"The district courts shall have original jurisdiction, exclusive of the courts of the States, of:
"(1) Any civil case of admiralty or maritime jurisdiction, saving to suitors in all cases all other remedies to which they are otherwise entitled."
There is no doubt that the "saving to suitors" clause is intended to save common law remedies and, since these are referred to as "other" remedies in the present form of the statute it is inescapable, under the letter of the present form, that common law remedies are not included in the grant of admiralty and maritime jurisdiction. That is as far as we go in the court's opinion.
I think, however, that we ought, in addition, to consider the effect of the admiralty clause in its original form since the Reviser's Note, hereinafter quoted, shows that Congress, in adopting the present form, thought that it was expressing the original intent of Congress. If we should find that the intent of Congress as expressed in the original form differed from its intent as expressed in the present form, we would be faced with the problem of deciding which expression to adopt. It seems to me important, therefore, to record a demonstration that the intent as presently expressed coincides with that as originally expressed. Since, therefore, we are contributing our mite to the solution of the problem, I venture to add my mote.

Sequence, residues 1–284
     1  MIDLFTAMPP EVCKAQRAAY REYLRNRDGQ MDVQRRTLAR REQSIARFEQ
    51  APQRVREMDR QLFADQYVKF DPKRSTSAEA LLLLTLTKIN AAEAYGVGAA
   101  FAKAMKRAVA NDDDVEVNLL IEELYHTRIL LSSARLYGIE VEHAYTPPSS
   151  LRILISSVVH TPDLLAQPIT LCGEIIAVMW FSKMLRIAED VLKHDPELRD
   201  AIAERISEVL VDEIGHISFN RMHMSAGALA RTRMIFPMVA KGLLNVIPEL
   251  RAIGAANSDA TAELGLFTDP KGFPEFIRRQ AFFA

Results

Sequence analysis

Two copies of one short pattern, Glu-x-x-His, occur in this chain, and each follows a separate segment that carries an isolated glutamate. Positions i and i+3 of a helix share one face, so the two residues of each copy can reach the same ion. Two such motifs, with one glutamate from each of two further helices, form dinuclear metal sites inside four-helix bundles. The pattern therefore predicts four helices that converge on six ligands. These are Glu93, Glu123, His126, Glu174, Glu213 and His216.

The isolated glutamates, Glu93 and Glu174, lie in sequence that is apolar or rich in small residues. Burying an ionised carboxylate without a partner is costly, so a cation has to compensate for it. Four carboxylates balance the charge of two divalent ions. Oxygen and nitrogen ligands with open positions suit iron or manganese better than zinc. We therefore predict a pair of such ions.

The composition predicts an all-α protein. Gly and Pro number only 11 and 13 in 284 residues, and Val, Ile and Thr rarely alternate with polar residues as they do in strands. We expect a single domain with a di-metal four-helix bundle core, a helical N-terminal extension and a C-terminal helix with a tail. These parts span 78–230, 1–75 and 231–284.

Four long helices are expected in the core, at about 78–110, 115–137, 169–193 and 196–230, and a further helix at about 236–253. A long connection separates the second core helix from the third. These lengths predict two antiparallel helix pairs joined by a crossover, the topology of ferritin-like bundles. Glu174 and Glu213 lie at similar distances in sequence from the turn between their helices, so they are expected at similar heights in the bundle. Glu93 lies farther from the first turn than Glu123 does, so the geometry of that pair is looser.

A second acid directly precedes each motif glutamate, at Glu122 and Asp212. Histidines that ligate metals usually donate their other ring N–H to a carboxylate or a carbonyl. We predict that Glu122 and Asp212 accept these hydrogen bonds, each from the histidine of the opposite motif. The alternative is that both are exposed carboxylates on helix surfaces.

The admiralty clause in its original form is contained in section 9 of the Judiciary Act of 1789*. By that section Congress declared:
"That the district courts shall have, exclusively of the courts of the several States, cognizance of all crimes and offenses that shall be cognizable under the authority of the United States * * * and shall also have exclusive original cognizance of all civil causes of admiralty and maritime jurisdiction * * * saving to suitors, in all cases, the right of a common law remedy, where the common law is competent to give it".
These words "civil causes of admiralty and maritime jurisdiction" undoubtedly had the same meaning as the words in Article III, section 2 of the Constitution, "all Cases of admiralty and maritime Jurisdiction". The effect of the decision in Panama R. R. Co. v. Johnson, 264 U.S. 375, 44 S.Ct. 391, 68 L.Ed. 748, is that those words embrace not only maritime remedies to enforce maritime substantive law but common law remedies to enforce maritime substantive law. Thus when Congress in the Judiciary Act vested the district courts with jurisdiction of all civil causes of admiralty and maritime jurisdiction, those words without more would have vested them with power to enforce maritime substantive law by common law remedies. The question is whether, by the addition of the "saving to suitors" clause, Congress evidenced an intention to withhold that power. My conclusion is that it did.
The "saving to suitors" clause may be interpreted in either one of two ways. First, it might be said to save common law cases from the exclusiveness of the grant. Second, it might be said to save them from the grant itself.
If the "saving to suitors" clause merely saves common law cases from the exclusiveness of the grant, it would mean that jurisdiction had been conferred upon the district courts to enforce maritime substantive law by both maritime and common law remedies but that this jurisdiction was not exclusive of the state courts in the case of enforcement by common law remedies. If the "saving to suitors" clause saves common law cases from the grant itself, it would mean that the district courts had no jurisdiction whatever to enforce maritime substantive law by common law remedies.